EIA Publishes Regional Electricity Supply and Pricing Forecasts Using UPLAN Model

LCG, August 13, 2019--The U.S. Energy Information Administration (EIA) announced that it is revising the presentation and modeling of its forecasts for electricity supply and market hub pricing to better reflect current electricity markets and system operations in the U.S. Beginning with the August 2019 Short-Term Energy Outlook (STEO), the new forecasting approach models electricity markets using the UPLAN production cost optimization software developed by LCG Consulting. EIA uses the solution results provided by this proprietary model to develop the STEO forecasts of monthly electricity generation, fuel consumption, and wholesale prices.

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Dominion Energy Virginia Pursues 500 MW of Renewable Projects

LCG, August 8, 2019--Dominion Energy Virginia announced Monday that it is seeking bids for up to 500 MW of renewable capacity in both 2021 and 2022 to increase its clean energy resources. Dominion Energy stated that it is committed to having 3,000 MW of solar and wind in operation or under development in Virginia by 2022. This near-term step is part of an ultimate company commitment to reduce carbon emissions by 80 percent by 2050 across the 18 states it serves.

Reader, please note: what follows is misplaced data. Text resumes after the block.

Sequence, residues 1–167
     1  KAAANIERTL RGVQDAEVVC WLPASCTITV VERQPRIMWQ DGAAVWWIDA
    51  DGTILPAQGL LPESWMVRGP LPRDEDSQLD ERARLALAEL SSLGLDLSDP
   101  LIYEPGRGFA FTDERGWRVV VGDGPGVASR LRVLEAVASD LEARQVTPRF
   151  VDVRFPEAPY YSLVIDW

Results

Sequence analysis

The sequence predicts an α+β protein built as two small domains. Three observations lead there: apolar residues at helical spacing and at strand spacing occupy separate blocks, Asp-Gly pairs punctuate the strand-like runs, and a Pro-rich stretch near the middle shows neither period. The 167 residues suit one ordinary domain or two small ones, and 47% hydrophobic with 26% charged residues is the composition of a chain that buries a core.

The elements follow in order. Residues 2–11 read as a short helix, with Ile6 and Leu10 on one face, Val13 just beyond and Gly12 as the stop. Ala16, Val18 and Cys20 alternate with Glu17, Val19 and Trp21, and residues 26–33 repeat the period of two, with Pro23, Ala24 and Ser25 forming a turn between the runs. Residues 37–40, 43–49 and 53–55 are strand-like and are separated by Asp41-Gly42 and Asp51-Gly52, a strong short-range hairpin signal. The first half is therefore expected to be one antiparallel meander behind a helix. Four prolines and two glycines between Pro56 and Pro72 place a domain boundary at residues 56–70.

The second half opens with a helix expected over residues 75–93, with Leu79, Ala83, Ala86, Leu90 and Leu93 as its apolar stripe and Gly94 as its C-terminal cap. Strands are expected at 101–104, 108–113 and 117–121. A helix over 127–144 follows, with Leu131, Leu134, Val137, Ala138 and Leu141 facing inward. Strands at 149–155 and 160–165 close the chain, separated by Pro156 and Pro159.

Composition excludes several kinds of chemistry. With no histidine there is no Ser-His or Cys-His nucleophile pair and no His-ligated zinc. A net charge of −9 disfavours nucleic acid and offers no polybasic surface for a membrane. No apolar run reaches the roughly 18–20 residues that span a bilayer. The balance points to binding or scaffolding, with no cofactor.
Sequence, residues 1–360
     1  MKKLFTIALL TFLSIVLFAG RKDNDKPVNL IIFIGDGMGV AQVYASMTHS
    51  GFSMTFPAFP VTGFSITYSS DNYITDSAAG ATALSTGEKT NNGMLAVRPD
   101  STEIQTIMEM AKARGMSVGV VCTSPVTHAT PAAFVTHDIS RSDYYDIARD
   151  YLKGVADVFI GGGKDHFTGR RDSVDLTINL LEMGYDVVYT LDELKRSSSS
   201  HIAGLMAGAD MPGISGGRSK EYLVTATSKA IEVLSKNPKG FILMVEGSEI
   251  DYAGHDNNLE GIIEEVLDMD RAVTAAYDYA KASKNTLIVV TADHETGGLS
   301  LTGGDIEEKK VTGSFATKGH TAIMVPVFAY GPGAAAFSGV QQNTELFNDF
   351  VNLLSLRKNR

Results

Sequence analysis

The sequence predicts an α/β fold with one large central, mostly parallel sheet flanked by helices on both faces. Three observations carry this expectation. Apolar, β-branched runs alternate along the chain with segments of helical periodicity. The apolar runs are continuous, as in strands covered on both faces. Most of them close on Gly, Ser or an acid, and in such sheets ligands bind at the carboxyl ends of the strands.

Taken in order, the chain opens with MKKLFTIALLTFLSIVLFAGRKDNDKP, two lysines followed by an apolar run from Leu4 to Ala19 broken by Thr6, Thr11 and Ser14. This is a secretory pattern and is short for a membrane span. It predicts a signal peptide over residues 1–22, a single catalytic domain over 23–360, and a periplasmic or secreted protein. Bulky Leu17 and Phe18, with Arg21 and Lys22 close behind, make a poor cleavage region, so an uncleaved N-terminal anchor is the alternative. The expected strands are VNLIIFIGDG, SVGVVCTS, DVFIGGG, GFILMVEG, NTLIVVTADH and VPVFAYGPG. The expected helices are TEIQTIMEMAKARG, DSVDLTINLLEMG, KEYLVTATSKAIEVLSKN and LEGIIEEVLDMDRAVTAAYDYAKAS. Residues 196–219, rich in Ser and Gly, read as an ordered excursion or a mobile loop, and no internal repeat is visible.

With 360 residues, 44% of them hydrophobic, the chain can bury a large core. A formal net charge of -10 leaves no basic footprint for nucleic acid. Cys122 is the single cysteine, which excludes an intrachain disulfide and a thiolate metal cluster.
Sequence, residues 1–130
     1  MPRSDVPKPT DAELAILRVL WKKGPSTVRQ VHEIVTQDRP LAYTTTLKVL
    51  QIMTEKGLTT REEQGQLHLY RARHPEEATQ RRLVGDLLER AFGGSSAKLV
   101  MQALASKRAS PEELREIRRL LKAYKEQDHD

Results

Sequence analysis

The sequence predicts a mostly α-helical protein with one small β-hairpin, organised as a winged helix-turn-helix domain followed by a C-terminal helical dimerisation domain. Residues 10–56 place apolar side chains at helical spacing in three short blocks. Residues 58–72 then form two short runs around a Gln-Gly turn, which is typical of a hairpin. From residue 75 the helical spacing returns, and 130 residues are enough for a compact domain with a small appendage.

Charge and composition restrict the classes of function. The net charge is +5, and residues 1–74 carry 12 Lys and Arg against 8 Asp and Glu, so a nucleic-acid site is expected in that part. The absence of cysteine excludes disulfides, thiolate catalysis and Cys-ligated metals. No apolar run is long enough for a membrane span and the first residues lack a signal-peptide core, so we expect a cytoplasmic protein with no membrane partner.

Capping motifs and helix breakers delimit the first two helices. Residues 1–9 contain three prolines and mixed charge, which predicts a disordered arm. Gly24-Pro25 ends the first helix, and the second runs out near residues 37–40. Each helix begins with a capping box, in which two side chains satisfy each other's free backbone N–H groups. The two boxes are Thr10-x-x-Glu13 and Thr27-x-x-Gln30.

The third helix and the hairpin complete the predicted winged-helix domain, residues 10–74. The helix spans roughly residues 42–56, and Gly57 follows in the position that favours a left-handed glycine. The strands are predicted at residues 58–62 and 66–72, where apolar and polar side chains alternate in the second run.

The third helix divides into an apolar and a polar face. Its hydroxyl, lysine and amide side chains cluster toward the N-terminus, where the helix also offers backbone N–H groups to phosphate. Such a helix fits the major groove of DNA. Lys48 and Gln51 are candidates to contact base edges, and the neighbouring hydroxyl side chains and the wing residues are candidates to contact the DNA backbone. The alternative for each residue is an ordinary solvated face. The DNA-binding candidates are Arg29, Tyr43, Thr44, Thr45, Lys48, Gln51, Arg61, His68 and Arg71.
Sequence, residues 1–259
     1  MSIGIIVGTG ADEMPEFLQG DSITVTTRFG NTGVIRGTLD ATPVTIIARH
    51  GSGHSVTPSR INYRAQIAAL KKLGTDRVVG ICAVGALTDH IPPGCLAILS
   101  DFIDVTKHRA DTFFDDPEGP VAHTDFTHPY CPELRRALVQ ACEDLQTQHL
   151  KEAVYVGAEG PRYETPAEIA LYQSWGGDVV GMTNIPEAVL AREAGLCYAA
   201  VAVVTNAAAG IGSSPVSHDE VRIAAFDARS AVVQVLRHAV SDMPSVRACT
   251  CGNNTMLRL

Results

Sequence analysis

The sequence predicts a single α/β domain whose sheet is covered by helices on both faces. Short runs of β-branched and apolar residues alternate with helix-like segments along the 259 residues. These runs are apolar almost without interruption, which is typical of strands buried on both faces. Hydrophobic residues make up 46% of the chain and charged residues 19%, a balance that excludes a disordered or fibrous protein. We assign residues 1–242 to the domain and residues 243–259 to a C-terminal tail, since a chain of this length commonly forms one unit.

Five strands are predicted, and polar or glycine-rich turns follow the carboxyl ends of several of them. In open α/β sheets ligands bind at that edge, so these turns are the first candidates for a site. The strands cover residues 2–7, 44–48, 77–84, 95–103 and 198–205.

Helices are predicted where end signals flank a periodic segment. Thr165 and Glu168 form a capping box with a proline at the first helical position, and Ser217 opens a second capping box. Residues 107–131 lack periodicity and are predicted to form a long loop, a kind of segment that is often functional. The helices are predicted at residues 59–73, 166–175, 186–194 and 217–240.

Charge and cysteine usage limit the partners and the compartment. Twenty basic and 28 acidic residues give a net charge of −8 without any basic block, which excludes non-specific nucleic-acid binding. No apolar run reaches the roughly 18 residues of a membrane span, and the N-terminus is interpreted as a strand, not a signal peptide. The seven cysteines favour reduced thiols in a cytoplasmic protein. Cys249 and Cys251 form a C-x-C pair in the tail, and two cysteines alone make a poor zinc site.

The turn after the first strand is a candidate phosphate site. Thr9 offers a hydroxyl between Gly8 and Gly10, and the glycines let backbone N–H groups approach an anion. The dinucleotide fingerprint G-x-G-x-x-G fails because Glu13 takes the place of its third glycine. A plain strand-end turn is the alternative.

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Industry News

Kansas Passes Power Plant Tax Break Legislation

LCG, May 7, 2001Forty-nine states are learning the basic economics law of supply and demand from California, and Kansas is no exception. The state House of Representatives passed two bills Saturday providing incentives for companies to build new power plants and transmission facilities.

The measures passed in the 125-member House by margins of around 100 votes. On Friday, the state Senate has approved the initiatives 40-0. The measures are on their way to Gov. Bill Graves, who is expected to sign them.

One of the bills gives long-term tax breaks to both Kansas regulated utilities and independent power producers for building new power plants. Utilities would receive 10-year property tax breaks and independent power producers' new plants would be exempt from property taxes for 12 years.

Supporters of the legislation said the incentives, and the new generation they will encourage, are badly needed. "All of our utilities say that around the year 2005 Kansas will be short of power" said Republican state Rep. Tom Sloan, vice chairman of the Kansas House Utilities Committee.

State Rep. Carl Holmes, who as chairman of the House Utilities Committee was the driving force behind the bills along with his Senate counterpart, Stan Clark. Both Republicans said seven companies are considering plants in Kansas.

"They are waiting on this bill," Holmes said. "This doesn't guarantee power plants will be built here, but it puts us in the running."

Among companies interested in building new generation in Kansas are Duke Energy Corp. of North Carolina, UtiliCorp United Inc. of Missouri and the home-state Sunflower Electric Power Cooperative.

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